Stop voting for and supporting DA!
I am aware that your vote is your choice yet if your choice furthers the black pain then look carefully into your choice again. DA is a white instrument to keep the status quo in South Afrika so that the situation of the blacks (not pigmentation but keeping in mind Biko’s definition) remains unchanging. If the DA was truly after the emancipation of the South Afrikan poor then they would have policies that are pro poor. The required change in South Afrika today will not come from people who wants to maintain the white status yet not overlooking the black pain because it is the very maintenance of the white status that is the actual black pain and that’s what DA does it maintains the white status. At this juncture we don’t need people who will say we want to solve the problem “but” because it is that very “but” that stretches the black wound and the DA is the actual embodiment of that “but”. Also at this moment in time we don’t need pro white organisations and their support in South Afrika as each and every structure thereof in this country is actually pro white. Therefore supporting DA in South Afrika is actually the instigation of the black wound. As for who to vote I will leave that to you, but the policies must be interested in what you claim to be after. The policies of the party that you are voting for must surely be pro poor.
Change your way of life
Without fully identifying with the black pain there will never be a pure, genuine and battling prayers that are projected to the black wound. There are many people who claim to be pro poor yet their lives proves to be divorced from the poor. Thomas Sankara (the president of Burkina Faso 1983-1987) when justifying his act of having no air conditioner in his office, driving the lowest costing car, attending his meetings in bicycles, cutting a huge portion of his salary and using public services like each and every one in his country he says “we cannot live luxurious lives yet we are leading the poor”. I think being pro poor then should be beyond the claims and be the very lives. Therefore living in Bishop Scot and claiming to be pro poor is one of the greatest lies. I think it is in these lies that leads to ignorance such that there are many people who says they are doing something in fixing the South Afrikan problem yet all they do is to rub off their own guilt. I think it is much easier to rub off your guilt by these cheap acts which includes soup (the soup kitchen justice) than it is to allow ones very life to be wasted for justice. Lives being wasted is Christ being lived because love is only expressed when life is being lay down for the next person. Therefore anyone missing out on this laying down of life that very person is missing out on the greatest commandment (Mat 22:38) and that should be the greatest sin.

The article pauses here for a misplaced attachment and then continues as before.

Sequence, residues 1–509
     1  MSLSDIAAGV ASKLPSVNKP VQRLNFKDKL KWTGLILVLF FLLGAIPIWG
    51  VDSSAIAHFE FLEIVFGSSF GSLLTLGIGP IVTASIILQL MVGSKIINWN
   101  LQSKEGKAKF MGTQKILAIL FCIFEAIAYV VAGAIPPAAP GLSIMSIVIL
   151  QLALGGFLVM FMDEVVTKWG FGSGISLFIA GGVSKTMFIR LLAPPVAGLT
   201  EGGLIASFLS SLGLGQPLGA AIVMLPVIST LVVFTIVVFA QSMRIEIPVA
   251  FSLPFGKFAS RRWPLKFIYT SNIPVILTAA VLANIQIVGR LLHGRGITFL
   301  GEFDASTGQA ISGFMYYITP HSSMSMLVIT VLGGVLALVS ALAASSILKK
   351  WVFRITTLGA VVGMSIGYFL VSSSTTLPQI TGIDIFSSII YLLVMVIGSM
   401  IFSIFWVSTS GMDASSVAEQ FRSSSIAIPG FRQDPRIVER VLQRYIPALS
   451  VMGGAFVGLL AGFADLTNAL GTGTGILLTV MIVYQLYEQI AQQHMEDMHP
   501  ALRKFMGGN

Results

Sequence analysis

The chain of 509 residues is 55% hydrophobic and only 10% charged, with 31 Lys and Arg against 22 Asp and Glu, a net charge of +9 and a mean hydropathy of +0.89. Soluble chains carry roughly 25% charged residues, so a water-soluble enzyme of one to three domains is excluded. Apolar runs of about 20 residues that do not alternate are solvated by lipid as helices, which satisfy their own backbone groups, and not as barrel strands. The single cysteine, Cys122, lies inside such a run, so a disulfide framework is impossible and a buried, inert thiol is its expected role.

Give fair wage to your domestic helpers!!! Do not be limited by the standards of this anti poor government but be pumped by the pro poor Christ in considering the wage for your domestic helper. When you considering the payment of your domestic helpers think of yourself first (love your neighbor as you love yourself); would you be able to live out of what you decide to give your helper? If not then why are you even considering giving it to someone else? More especially someone who could be a single parent with at-least five children. It is pretty sad that many white people don’t even know the families of their helpers, they are not even interested in the life of their employees (helpers) outside of work, this is cruel as it proves a perception of what was once said and believed “the blacks are as good as singing, dancing and digging”. You should play part in the education of the children of your domestic helpers, find out how you can help them. Be it if the help is morally, financially, emotionally or even psychologically but your help might go a long way. I do believe that you can also contribute a great deal in the local schools and help the up-coming generation to see you as humans and not as superiors and future employers as it was previously forcefully and violently suggested and currently is inherited by the younger generation. This will help a great deal and you will be seen as a fellow human being and it will also help you when you walking around Khayelitsha, there won’t be chants that are following you saying Umlungu, umlungu (white person) repeatedly.